Gannet numbers on the up
A study of Gannets off the north-west coast of Scotland has found that the birds' numbers have increased rapidly over the last decade.
The news comes hot on the heels of the announcement in February that Bass Rock, Lothian, had taken over from St Kilda as the world's largest Gannet colony. The latest results confirm that Scotland — and particularly north-west Scotland — is nevertheless an extremely important region for the species.
The survey, commissioned by Scottish Natural Heritage (SNH), found that Gannets nesting on Sula Sgeir increased at a rate of more than 47% per year. On the Flannan Islands, the growth was 7.5% per year. Numbers changed very little on St Kilda (now the world's second-largest Gannet colony) and Sule Stack.
The good health of Gannets across Scotland may be explained by their foraging behaviour. They can fly for great distances in search of food, and are able to take a wide range of prey species — features which may make them more resistant to changes in the marine environment compared with other birds. They also usually nest at sites which have few predators, have produced lots of chicks over the past decade, and have high survival rates.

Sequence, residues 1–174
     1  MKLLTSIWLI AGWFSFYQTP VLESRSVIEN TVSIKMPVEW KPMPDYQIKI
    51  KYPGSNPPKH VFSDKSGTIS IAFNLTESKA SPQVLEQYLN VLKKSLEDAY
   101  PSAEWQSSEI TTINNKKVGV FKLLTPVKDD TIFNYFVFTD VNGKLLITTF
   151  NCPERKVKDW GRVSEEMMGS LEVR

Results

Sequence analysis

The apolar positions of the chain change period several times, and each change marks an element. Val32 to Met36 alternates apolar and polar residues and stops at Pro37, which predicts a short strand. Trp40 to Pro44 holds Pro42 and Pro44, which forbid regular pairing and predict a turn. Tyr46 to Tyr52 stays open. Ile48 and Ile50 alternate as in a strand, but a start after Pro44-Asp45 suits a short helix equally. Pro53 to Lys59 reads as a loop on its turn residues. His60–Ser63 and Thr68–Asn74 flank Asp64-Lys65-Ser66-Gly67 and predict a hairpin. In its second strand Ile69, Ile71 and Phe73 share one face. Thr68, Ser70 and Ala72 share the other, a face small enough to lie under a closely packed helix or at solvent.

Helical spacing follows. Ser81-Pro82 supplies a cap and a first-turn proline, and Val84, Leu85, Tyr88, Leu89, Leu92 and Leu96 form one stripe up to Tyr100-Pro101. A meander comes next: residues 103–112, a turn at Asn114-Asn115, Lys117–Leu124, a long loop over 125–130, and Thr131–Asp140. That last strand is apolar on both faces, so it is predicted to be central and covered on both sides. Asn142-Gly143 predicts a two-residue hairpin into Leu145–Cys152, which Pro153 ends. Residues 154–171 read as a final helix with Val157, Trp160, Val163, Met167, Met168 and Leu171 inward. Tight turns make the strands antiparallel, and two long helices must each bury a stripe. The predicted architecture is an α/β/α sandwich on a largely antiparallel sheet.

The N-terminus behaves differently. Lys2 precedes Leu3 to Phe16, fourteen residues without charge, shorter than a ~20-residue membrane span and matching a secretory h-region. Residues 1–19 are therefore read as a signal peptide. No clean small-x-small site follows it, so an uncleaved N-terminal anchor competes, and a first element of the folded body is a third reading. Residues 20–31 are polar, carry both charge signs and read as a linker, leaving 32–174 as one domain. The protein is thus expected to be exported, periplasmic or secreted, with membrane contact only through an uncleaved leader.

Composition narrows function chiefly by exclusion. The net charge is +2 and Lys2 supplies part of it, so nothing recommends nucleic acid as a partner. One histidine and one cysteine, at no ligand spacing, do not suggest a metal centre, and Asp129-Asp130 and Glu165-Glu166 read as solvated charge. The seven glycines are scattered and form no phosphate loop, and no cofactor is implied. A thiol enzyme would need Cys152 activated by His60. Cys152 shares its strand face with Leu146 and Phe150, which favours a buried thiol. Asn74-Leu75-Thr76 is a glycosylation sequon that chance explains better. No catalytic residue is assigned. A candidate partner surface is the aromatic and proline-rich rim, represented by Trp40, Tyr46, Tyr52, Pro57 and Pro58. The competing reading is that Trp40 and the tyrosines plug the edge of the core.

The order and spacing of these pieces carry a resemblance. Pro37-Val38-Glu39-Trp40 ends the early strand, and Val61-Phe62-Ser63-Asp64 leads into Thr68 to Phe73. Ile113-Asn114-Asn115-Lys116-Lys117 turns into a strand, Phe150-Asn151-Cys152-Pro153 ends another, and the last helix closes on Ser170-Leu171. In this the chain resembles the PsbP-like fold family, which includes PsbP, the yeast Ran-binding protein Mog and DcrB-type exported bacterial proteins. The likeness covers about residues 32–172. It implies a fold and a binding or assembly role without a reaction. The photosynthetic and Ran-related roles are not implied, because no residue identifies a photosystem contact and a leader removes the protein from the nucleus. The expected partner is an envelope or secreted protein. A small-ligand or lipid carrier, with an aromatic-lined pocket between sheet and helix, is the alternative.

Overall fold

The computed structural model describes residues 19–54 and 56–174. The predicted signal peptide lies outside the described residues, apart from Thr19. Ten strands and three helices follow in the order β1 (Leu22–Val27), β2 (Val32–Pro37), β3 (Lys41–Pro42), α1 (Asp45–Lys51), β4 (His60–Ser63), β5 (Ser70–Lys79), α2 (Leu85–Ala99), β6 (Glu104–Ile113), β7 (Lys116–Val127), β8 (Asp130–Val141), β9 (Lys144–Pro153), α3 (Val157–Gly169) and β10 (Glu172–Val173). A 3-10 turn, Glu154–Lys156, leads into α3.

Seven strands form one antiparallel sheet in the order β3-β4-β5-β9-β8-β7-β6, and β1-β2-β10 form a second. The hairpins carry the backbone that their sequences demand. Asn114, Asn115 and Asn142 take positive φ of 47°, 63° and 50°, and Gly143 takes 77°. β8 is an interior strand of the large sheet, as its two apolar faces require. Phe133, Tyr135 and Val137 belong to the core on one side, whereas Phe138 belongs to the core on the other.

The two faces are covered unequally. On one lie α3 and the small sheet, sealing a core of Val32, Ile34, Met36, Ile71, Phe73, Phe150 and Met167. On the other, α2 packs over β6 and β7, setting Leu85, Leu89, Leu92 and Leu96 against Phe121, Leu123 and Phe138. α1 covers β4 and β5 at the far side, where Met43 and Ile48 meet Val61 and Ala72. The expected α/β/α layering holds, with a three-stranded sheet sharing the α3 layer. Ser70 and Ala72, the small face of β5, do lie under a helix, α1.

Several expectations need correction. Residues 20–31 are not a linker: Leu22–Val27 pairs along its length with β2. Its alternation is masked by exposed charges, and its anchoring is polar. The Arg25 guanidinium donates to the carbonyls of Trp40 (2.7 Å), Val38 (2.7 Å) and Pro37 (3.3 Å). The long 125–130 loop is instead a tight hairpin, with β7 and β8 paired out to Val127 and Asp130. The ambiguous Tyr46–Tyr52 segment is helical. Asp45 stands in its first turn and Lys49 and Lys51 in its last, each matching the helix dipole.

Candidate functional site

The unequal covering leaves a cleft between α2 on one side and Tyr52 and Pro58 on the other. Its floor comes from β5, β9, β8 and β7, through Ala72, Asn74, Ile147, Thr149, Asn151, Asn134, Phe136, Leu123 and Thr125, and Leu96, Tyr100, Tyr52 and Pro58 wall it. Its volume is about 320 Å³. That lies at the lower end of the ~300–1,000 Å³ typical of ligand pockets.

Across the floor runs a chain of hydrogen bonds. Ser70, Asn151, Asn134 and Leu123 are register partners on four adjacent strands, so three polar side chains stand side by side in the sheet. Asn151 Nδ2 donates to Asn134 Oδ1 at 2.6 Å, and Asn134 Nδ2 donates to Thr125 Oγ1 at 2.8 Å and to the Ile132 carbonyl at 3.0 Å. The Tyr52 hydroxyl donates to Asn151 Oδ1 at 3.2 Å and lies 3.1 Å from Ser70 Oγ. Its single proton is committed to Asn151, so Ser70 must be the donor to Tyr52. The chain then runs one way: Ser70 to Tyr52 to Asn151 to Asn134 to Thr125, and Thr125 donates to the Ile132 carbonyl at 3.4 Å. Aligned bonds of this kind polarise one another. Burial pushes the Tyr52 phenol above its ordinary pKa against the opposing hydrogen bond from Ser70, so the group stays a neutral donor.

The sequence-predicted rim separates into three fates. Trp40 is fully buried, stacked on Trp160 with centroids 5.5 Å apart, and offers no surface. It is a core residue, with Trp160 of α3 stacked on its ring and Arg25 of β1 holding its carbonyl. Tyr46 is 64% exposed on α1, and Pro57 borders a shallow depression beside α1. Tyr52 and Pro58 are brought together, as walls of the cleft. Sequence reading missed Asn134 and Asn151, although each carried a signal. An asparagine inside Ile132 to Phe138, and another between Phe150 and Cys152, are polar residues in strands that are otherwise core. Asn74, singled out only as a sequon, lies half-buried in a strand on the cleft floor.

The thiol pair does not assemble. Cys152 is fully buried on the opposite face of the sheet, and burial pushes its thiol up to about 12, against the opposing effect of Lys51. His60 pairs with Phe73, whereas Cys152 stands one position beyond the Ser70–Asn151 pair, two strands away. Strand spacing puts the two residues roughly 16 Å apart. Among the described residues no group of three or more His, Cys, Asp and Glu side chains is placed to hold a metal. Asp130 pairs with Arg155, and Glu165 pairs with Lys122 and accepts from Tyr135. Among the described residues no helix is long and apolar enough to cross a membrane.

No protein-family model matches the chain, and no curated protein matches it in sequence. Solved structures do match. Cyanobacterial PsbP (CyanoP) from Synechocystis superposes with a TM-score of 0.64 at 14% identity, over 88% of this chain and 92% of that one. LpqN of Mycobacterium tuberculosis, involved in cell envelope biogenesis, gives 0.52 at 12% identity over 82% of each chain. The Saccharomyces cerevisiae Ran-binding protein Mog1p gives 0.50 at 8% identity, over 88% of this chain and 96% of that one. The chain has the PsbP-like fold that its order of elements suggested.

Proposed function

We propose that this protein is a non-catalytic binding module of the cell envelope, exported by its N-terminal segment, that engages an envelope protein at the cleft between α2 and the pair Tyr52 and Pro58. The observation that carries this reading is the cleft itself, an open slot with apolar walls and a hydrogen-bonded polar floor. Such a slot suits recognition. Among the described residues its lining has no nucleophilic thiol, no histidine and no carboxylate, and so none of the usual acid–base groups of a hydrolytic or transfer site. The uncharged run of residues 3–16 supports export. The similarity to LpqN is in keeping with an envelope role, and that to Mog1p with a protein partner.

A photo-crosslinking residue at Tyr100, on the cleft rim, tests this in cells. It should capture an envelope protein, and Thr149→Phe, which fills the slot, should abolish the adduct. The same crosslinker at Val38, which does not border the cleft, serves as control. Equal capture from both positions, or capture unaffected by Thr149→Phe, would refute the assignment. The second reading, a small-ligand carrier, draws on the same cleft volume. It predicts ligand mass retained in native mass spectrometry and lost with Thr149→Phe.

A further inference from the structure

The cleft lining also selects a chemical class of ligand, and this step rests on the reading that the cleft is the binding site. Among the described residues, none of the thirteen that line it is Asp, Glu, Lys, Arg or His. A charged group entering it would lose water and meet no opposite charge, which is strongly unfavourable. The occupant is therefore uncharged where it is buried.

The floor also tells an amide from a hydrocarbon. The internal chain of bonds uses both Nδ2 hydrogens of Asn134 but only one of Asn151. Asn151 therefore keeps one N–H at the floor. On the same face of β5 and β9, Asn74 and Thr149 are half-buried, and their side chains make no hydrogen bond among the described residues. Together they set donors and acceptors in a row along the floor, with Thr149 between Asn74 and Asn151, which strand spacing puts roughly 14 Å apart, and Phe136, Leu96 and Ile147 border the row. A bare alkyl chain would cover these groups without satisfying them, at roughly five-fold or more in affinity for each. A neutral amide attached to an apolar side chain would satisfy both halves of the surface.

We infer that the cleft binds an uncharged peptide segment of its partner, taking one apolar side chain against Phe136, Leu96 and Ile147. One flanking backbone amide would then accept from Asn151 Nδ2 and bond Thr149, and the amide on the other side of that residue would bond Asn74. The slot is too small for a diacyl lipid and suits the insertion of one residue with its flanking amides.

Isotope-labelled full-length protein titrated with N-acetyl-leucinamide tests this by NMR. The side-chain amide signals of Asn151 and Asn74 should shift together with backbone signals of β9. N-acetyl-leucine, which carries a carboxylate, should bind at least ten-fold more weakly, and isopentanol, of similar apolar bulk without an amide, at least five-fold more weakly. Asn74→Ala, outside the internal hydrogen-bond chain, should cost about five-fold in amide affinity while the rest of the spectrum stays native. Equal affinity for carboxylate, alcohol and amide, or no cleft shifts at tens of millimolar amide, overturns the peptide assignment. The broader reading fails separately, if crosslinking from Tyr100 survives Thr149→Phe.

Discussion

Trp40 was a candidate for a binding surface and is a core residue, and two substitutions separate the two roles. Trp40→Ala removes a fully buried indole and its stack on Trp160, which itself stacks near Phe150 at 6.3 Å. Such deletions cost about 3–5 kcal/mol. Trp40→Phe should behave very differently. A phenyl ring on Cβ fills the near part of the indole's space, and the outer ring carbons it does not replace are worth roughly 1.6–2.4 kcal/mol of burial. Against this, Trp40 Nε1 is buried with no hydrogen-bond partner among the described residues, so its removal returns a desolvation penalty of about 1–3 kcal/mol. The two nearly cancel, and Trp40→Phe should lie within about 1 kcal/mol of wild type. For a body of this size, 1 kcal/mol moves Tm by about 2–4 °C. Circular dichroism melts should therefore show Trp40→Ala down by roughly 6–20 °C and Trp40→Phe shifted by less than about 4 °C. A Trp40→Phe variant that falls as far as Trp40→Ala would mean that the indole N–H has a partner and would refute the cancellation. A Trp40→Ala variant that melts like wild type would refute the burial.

Both Sule Skerry and the Flannan Islands have plenty of unused but suitable nesting habitat, and this may explain why the number of gannets in these particular colonies has increased. This contrasts to the stable numbers on Sule Stack, where pairs already occupy all the suitable breeding areas. This may lead to Gannets establishing new colonies, as has already occurred at Sule Skerry, and may also be happening at Barra Head.
Eileen Stuart, SNH's head of policy and advice, commented: "Scotland has internationally important populations of seabirds, and Gannets in particular, so it's vital that we monitor how they're faring. The survey is especially good news as gannets are, like many seabirds, of conservation concern."
The latest seabird census needs volunteers to count seabirds around the coastline; to volunteer, contact the Seabird Group at www.seabirdgroup.org.uk.
To download a full copy of the Gannet report, please click here.